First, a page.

An object a day #9: Porcelain dragon dishFri 17 Apr 2020 Opinion
Every day for 30 days we will be featuring a museum object that has inspired or intrigued us, in the hope that “an object a day keeps the doctor away.” We love creating exciting, meaningful storytelling through engaging experiences, but still firmly believe that it is hard to beat the thrill of being in the presence of authentic artefacts. Today’s object is: a porcelain dragon dish.
Sometimes you come across an object in a museum and you have to read the date twice. And then again. That’s how I felt when I saw this dish in the Shanghai Museum.
Think about the things that were being produced in Europe at a similar time. When you look at examples of early medieval English pottery such as Stamford ware it is clear that the skill of forming a jug had only just been mastered. By comparison it is crude.
This white porcelain dragon dish is a great example of Ding ware made in the 11-12th centuries in China. Usually white in colour, Ding ware was either plain or decorated with incised, molded, impressed, or carved designs. Phoenixes, lillies, and peonies were popular. The most important types of Ding ware were bai Ding (“white” Ding), fen Ding (“flour” Ding), and tu Ding (“earthen” Ding). Fired upside down, many pieces of Ding ware, especially bowls, have an unglazed rim banded with metal.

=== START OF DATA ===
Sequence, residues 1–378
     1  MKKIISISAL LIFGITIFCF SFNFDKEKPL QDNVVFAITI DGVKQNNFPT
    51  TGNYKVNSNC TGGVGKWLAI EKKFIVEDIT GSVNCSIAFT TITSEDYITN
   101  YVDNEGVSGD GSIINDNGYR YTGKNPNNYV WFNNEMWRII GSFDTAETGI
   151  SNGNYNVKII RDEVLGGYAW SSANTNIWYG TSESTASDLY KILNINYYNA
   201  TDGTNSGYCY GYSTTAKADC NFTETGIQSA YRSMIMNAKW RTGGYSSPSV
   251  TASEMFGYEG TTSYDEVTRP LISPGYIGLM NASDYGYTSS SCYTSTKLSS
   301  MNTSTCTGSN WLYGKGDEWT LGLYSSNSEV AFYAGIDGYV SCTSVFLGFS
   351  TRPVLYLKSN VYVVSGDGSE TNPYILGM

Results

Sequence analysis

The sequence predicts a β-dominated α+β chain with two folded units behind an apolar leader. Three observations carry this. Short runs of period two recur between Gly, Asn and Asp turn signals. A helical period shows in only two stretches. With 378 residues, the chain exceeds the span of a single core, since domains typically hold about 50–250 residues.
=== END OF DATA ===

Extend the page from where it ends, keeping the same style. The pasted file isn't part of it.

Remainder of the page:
Ding ware was particularly popular during the Song dynasty (AD 960–1279) at Dingzhou (in present Quyang Xian, Hebei province) and, after the court’s transfer to the south in 1127, near Jingdezhen, a place still renowned for its tea ware.
The Shanghai Museum is open Tuesday to Sunday 9am to 5pm.